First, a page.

Photo: Andy Wong / AP

Freedom's House has released its "Freedom on the Net 2017" report. The China section claims that:

  • China was the world's worst abuser of internet freedom for the third consecutive year;
  • The 2016 cybersecurity law mandates real name registration and storage of PRC user data within China;
  • Censorship on WeChat increased and several were detained for comments on WeChat;
  • New rules constrict the space for online news;
  • A crackdown virtual private network (VPN) tools.

Ren Xianliang, deputy director of the Cyberspace Administration of China criticized the report, per Reuters:

  • "We should not just make the internet fully free, it also needs to be orderly...The United States and Europe also need to deal with these fake news and rumors."

The key point: Chinese officials, some of who have warned for years of "hostile foreign forces" using the internet to subvert China, believe they have found the solution to managing the political risks from the internet while harnessing its economic and technological power. The interference in the U.S. presidential election process by Russia, a "hostile foreign force" to America, only strengthens their resolve.

One interesting fact: The censorship has not hurt wealth creation. Overseas-listed Chinese internet firms have a combined market capitalization of over one trillion dollars, and three of China's richest people are internet moguls.

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In photos: Virginians line up for hours on first day of early voting

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In some parts of Virginia, people waited in line up to four hours to cast their ballots on the first day of early voting, according to the Washington Post.

The big picture: The COVID-19 pandemic seems to already have an impact on how people cast their votes this election season. As many as 80 million Americans are expected to vote early, by mail or in person, Tom Bonier, CEO of TargetSmart, a Democratic political data firm, told Axios in August.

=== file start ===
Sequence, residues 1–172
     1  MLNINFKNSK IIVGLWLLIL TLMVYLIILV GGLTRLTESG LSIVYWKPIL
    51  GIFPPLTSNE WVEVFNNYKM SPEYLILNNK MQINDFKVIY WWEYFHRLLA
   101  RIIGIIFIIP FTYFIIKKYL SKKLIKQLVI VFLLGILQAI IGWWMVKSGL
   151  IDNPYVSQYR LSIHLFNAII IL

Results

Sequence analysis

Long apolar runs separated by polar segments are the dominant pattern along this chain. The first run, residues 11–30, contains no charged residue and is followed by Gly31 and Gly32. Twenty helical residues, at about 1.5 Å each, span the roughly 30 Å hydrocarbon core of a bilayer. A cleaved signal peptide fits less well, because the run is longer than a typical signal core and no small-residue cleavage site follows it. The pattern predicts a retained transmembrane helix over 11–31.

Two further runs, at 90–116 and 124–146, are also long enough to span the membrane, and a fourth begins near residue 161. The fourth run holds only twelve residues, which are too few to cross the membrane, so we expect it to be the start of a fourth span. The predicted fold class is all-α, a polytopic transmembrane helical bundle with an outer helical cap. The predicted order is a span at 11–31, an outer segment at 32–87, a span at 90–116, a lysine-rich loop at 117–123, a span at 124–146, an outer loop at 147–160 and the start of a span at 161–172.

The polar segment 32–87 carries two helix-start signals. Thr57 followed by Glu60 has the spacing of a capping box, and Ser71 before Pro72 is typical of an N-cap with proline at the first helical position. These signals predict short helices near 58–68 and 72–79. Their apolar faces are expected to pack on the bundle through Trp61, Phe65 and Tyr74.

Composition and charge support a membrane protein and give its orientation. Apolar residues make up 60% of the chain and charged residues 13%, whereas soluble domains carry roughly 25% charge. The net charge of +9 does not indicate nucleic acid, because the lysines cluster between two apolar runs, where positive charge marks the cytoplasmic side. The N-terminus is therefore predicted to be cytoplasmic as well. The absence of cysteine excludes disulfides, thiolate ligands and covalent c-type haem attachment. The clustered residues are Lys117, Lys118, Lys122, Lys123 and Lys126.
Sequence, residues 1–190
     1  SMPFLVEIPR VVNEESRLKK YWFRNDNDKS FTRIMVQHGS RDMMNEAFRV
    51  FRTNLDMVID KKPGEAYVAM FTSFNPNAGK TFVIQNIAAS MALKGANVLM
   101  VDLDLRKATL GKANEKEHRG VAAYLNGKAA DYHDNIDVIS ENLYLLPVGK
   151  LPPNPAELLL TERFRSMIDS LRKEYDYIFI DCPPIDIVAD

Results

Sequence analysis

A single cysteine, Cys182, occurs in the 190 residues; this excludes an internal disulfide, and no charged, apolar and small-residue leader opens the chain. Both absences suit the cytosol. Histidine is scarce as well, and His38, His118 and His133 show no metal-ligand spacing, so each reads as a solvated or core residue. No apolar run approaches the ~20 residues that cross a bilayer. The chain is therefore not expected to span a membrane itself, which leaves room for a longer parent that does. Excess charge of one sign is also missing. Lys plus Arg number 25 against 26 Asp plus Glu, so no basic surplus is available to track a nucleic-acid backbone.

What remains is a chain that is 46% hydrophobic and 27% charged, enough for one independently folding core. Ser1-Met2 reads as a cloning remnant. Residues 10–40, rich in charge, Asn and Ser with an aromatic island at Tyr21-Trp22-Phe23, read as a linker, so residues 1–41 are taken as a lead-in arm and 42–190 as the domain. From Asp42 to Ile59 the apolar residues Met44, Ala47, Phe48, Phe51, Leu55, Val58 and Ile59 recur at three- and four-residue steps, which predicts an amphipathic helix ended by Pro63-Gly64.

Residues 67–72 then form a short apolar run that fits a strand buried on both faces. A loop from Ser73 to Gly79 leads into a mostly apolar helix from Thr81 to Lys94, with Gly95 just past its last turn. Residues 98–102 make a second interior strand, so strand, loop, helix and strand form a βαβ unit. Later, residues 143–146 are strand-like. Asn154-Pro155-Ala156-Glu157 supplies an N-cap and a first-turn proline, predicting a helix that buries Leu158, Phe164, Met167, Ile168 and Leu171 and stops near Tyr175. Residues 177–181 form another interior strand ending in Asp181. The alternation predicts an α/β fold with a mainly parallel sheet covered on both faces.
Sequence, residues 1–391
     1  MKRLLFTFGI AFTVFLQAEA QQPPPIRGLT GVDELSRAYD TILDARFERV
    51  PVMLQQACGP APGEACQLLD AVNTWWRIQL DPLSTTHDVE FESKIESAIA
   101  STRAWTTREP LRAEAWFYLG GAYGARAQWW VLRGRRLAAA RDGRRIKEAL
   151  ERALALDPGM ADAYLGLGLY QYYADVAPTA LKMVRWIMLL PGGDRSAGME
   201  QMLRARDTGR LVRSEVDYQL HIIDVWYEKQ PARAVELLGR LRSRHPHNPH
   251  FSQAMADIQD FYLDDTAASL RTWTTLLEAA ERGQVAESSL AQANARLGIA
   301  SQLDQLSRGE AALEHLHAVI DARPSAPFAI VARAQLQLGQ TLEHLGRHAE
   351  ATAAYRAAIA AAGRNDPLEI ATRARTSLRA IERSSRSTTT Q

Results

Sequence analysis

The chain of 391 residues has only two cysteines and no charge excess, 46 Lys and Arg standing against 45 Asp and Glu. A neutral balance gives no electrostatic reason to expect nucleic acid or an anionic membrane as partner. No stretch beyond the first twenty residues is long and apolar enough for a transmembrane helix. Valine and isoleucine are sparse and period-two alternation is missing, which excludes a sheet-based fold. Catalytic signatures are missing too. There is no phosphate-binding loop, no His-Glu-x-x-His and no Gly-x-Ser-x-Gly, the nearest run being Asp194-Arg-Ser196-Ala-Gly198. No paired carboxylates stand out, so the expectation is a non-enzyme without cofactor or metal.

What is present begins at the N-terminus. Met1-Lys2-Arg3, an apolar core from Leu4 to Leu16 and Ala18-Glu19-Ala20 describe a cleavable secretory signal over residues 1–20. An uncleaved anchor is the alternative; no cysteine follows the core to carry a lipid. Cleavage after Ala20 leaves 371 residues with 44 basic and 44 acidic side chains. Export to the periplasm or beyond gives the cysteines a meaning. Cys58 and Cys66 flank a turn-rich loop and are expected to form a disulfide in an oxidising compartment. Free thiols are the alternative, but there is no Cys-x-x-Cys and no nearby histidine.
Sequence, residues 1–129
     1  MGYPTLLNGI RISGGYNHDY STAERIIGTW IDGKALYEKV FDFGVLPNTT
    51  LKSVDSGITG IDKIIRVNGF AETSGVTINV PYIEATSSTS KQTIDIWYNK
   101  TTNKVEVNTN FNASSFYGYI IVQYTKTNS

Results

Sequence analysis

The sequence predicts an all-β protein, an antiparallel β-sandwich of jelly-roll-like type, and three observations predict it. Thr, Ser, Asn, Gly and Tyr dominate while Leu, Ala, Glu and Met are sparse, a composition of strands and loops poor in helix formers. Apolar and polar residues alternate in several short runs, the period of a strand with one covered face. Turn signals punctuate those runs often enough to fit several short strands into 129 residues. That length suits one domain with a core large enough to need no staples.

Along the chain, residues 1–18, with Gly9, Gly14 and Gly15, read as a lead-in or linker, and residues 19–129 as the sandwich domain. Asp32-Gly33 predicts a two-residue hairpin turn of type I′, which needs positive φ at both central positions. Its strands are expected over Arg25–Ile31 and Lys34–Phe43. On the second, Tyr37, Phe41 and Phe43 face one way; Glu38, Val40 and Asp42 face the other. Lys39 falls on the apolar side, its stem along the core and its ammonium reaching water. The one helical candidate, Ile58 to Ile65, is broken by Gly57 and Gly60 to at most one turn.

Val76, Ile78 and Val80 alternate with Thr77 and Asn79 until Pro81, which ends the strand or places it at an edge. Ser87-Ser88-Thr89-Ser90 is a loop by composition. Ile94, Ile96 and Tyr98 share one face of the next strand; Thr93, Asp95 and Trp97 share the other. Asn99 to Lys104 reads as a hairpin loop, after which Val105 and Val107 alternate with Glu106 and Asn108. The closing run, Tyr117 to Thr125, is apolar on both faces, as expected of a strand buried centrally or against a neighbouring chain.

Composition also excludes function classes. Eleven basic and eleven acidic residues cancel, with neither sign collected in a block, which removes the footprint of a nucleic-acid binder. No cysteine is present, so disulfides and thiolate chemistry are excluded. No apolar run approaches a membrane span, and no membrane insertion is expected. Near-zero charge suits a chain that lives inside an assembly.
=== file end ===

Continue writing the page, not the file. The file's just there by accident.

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Coronavirus dashboard

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  1. Global: Total confirmed cases as of 4:30 p.m. ET: 30,306,469 — Total deaths: 948,147— Total recoveries: 20,626,515Map.
  2. U.S.: Total confirmed cases as of 4:30 p.m. ET: 6,705,114 — Total deaths: 198,197 — Total recoveries: 2,540,334 — Total tests: 92,163,649Map.
  3. Politics: In reversal, CDC again recommends coronavirus testing for asymptomatic people.
  4. Health: Massive USPS face mask operation called off The risks of moving too fast on a vaccine.
  5. Business: Unemployment drop-off reverses course 1 million mortgage-holders fall through safety netHow the pandemic has deepened Boeing's 737 MAX crunch.
  6. Education: At least 42% of school employees are vulnerable.

Court battles shift mail-in voting deadlines in battleground states

Illustration: Sarah Grillo/Axios

Michigan joins Pennsylvania in extending mail-in ballot deadlines by several days after the election, due to the coronavirus pandemic and expected delays in U.S. Postal Service.

The latest: Michigan Court of Claims Judge Cynthia Stephens ruled that all ballots postmarked before Nov. 2 must be counted, so long as they arrive in the mail before election results are certified. Michigan will certify its general election results on Nov. 23.